The foreign ministers of Colombia and Venezuela promised to jointly combat crime along the border following talks to calm a dispute caused by the closure of a major border crossing and a weeklong crackdown on smuggling forced thousands of migrants from their homes.
Diplomats left Wednesday's meeting in Cartagena, Colombia without announcing a decision to reopen two major checkpoints or end a wave of deportations from Venezuela. They only said that officials from the two countries would talk in the coming days to form a joint plan for border security.
Even as the talks were taking place, across the border scores of Colombians packed their belongings into suitcases and prepared for an army escort out of Venezuela, joining the estimated 1,000 of their compatriots who have already been deported and the estimated 5,000 who voluntary left for fear of reprisals.
In the Colombian city of Cucuta, migrants, some of whom crossed a knee-deep river with their life's possessions on their backs, complained of mistreatment by Venezuelan security forces and anxiety about the future after, in some case, living outside of their homeland for years. Residents of one riverside shantytown reported having their homes raided and being given 72 hours to pack up and leave by Venezuela's army.
Colombian President Juan Manuel Santos offered to help those returning find jobs during a visit to one of five emergency shelters in Cucuta overrun with deportees. He also promised a subsidy of about $80 to help them land on their feet.
"Our deported aren't paramilitaries, they're poor families," Santos said in a sharp rebuke of his Venezuelan counterpart, Nicolas Maduro, who has stepped up attacks on migrant gangs he blames for rampant crime and widespread shortages.
While some 5 million Colombians live in Venezuela, the security offensive has focused on a few towns near the volatile border that has long suffered the spillover effects of Colombia's half-century civil conflict and its status as the top supplier of cocaine to the U.S.
The crisis was triggered a week ago when gunmen Maduro claimed were paramilitaries linked to former Colombian President Alvaro Uribe shot and wounded three army officers on an anti-smuggling patrol.
The socialist leader has vowed to keep two normally busy international bridges closed, and possibly extend restrictions to other transit crossings until Colombian authorities help bring order to the porous, 1,400-mile (2,200 kilometre) border. A state of emergency allowing the government to restrict peoples' movement for up to 60 days has been declared in six cities.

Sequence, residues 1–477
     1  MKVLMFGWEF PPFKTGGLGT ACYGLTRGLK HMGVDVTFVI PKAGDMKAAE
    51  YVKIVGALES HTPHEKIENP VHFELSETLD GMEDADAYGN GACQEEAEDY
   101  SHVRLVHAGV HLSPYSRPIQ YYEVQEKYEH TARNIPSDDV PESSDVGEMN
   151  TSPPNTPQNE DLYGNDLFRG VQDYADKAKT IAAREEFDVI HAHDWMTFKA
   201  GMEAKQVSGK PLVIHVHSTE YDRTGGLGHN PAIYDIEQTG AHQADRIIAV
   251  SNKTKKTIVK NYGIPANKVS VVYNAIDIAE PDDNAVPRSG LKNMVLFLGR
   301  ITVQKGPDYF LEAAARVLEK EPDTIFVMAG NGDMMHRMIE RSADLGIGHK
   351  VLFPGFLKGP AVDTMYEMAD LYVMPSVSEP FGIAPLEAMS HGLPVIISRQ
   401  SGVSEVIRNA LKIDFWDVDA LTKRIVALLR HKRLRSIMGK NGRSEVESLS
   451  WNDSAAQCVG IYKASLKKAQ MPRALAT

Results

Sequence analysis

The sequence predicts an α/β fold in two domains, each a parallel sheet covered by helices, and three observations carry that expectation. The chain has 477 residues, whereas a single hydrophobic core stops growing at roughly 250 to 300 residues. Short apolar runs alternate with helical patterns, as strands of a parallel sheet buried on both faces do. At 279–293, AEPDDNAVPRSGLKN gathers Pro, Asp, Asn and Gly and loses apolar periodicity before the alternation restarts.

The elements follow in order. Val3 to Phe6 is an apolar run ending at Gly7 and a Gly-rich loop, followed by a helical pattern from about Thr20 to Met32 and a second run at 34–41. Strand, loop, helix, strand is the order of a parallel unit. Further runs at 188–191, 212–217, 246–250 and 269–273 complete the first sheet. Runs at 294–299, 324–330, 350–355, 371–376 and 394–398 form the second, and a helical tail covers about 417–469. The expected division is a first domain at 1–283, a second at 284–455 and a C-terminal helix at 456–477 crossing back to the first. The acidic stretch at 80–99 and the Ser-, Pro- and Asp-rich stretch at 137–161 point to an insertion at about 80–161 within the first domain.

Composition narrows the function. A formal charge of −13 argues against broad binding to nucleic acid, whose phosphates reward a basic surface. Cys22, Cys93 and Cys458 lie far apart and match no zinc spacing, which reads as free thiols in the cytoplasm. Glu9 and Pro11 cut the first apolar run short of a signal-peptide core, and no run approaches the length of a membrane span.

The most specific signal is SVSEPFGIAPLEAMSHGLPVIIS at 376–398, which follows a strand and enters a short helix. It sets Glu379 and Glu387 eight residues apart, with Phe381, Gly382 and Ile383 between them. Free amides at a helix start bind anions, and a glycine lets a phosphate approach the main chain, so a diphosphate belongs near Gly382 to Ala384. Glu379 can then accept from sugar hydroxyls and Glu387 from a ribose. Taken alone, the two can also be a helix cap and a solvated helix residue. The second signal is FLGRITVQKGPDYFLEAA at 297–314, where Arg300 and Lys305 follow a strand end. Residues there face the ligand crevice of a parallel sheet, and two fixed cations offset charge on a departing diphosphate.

Outside of Venezuela, the crisis being felt most intensely in Cucuta, where thousands of families depend on a thriving black market. On Wednesday long gas lines formed as curbside vendors who openly sell fuel purchased in Venezuela for less than a penny a gallon were nowhere to be found. During his visit Santos ordered gas stations to remain open 24 hours to prevent shortages.
In stoking conflict with Colombia, Maduro is borrowing a page from the playbook of former President Hugo Chavez, who frequently clashed with Uribe when both were in office.
On both sides of the border, the nationalist rhetoric is on the rise. In Bogota on Wednesday, Uribe led 300 people in a march to Venezuela's consulate to denounce what he said were Maduro's Nazi tactics. Meanwhile Venezuelan officials called for Friday in Caracas a march against paramilitaries to rally support for Maduro's campaign.
Maduro has angrily denied the denunciations of mistreatment, saying that Venezuelans are unfairly paying the price for Colombia's disregard of its poor. In recent decades, many Colombians have moved to Venezuela, either fleeing from conflict or seeking better opportunities in an oil rich country that was long the wealthier of the two.
"Santos has the gall today to seek respect for Colombians. Who is treating Colombians with disrespect? Those that expel them from their country, deny them work and housing and don't provide education?" Maduro said on state TV late Tuesday.
Critics have accused Maduro of scapegoating Colombia to distract Venezuelans from soaring inflation and empty supermarket shelves.
As if to emphasize the point, Santos in a speech earlier Tuesday to a group of former presidents from the world ran through a long list of economic and crime statistics, everything from projections Venezuela's economy will shrink 7 per cent this year to comparisons with war zones like Afghanistan and Syria.
"Venezuela's problems are made in Venezuela, they're not made in Colombia or other parts of the world," Santos said.